The nice thing about this feature is that we are able to aggregate large amount of data and benefit from the usual advantages of RavenDB map/reduce indexes. We have already massaged the data to the right shape, so queries on it are fast.

Time series indexes in RavenDB allows us to merge time series data from multiple documents, I could have aggregated the computation above across multiple nodes to get the total per customer, so I’ll know how much to charge them at the end of the month, for example.

I would be happy to know hear about any other scenarios that you can think of for using timeseries in RavenDB, and in particular, what kind of queries you’ll want to do on the data.

time to read 4 min | 633 words

RavenDB 5.0 is coming soon and the big new there is time series support. We have gotten to the point where we can actually show off what we can do, which makes me very happy. You can use the nightlies builds to explore time series support in RavenDB 5.0. Client side packages for 5.0 are also available.


I went ahead and created a new database and created some documents:


Time series are often used for monitoring, so I decided to go with the flow and see what kind of information we would want to store there. Here is how we can add some time series data to the documents:

I want to focus on this for a bit, because it is important. A time series in RavenDB has the following details:

  • The timestamp to associate to the values – in the code above, this is the current time (UTC)
  • The tag associated with the timestamp – in the code above, we record what devices and interfaces these measurements belong to.
  • The measurements themselves – RavenDB allows you to record multiple values for a single timestamp. We threat them as an array of values, and you can chose to put them in a single time series or to split them.

Let’s assume that we have quite a few measurements like this and that we want to look at the data. You can explore things in the Studio, like so:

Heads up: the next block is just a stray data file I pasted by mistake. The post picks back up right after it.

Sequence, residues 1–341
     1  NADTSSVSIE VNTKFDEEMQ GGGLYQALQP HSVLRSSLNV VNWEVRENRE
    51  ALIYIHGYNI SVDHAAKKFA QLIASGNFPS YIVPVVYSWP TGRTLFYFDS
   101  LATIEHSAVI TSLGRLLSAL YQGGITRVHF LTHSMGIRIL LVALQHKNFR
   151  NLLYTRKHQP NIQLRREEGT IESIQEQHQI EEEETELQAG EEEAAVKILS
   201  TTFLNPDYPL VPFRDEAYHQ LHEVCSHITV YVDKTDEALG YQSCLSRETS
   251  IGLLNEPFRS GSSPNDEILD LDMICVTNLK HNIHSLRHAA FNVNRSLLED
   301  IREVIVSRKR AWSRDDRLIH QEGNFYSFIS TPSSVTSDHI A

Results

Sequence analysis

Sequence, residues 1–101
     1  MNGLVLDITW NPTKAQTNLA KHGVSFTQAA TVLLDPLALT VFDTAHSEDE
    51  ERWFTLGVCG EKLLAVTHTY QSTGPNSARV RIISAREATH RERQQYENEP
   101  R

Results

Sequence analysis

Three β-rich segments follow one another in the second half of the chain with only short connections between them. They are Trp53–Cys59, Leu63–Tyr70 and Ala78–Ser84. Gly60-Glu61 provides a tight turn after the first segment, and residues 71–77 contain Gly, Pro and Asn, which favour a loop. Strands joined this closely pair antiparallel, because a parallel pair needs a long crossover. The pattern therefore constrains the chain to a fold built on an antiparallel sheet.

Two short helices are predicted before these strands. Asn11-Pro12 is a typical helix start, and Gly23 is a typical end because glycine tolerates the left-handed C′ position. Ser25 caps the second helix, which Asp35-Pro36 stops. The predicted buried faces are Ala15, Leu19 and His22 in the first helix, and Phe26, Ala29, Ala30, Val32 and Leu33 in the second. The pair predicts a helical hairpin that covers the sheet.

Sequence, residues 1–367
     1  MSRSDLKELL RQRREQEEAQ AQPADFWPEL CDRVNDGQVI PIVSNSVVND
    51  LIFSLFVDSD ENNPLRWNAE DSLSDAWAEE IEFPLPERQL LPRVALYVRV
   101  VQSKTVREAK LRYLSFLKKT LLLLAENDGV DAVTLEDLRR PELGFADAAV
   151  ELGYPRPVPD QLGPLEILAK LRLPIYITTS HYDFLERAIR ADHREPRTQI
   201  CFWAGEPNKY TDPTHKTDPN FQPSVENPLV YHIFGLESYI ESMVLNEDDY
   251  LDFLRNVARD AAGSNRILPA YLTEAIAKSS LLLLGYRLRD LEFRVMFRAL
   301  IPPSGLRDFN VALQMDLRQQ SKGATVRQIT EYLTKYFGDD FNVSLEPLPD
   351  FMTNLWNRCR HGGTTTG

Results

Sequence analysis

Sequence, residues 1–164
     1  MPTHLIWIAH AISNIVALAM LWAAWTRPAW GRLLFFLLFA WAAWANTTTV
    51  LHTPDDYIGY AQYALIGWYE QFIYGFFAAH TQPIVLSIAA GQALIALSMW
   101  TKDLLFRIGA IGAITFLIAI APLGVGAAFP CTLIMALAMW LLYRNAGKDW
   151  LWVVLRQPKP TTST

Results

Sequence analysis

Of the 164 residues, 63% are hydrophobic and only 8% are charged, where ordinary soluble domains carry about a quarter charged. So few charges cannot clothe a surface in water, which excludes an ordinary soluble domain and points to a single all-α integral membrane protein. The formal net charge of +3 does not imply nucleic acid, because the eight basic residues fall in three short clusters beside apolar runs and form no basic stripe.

We have another tab in the Studio that you can look at which will give you some high level details about the timeseries for a particular document. We can dig deeper, too, and see the actual values:


You can also query the data to see the patterns and not just the individual values:

The output will look like this:


And you can click on the eye to get more details in chart form. You can see a little bit of this here, but it is hard to do it justice with a small screen shot:


Here is what the data you get back from this query:

The ability to store and process time series data is very important for monitoring, IoT and healthcare systems. RavenDB is able to do quite well in these areas. For example, to aggregate over 11.7 million heartrate details over 6 years at a weekly resolution takes less than 50 ms.

We have tested timeseries that contained over 150 million entries and we can aggregate results back over the entire data set in under three seconds. That is a nice number, but it doesn’t match what dedicated time series databases can do. It represents a rate of about 65 million rows / second. ScyllaDB recently published a benchmark in which they talk about billion rows / sec. But they did that on 83 nodes, so they did just 12 million / sec per node. Less than a fifth of RavenDB’s speed.

But that is being unfair, to be honest. While timeseries queries are really interesting, we don’t really expect users to query very large amount of data using raw queries. That is what we have indexes for, after all. I’m going to talk about this in depth in my next post.

time to read 6 min | 1100 words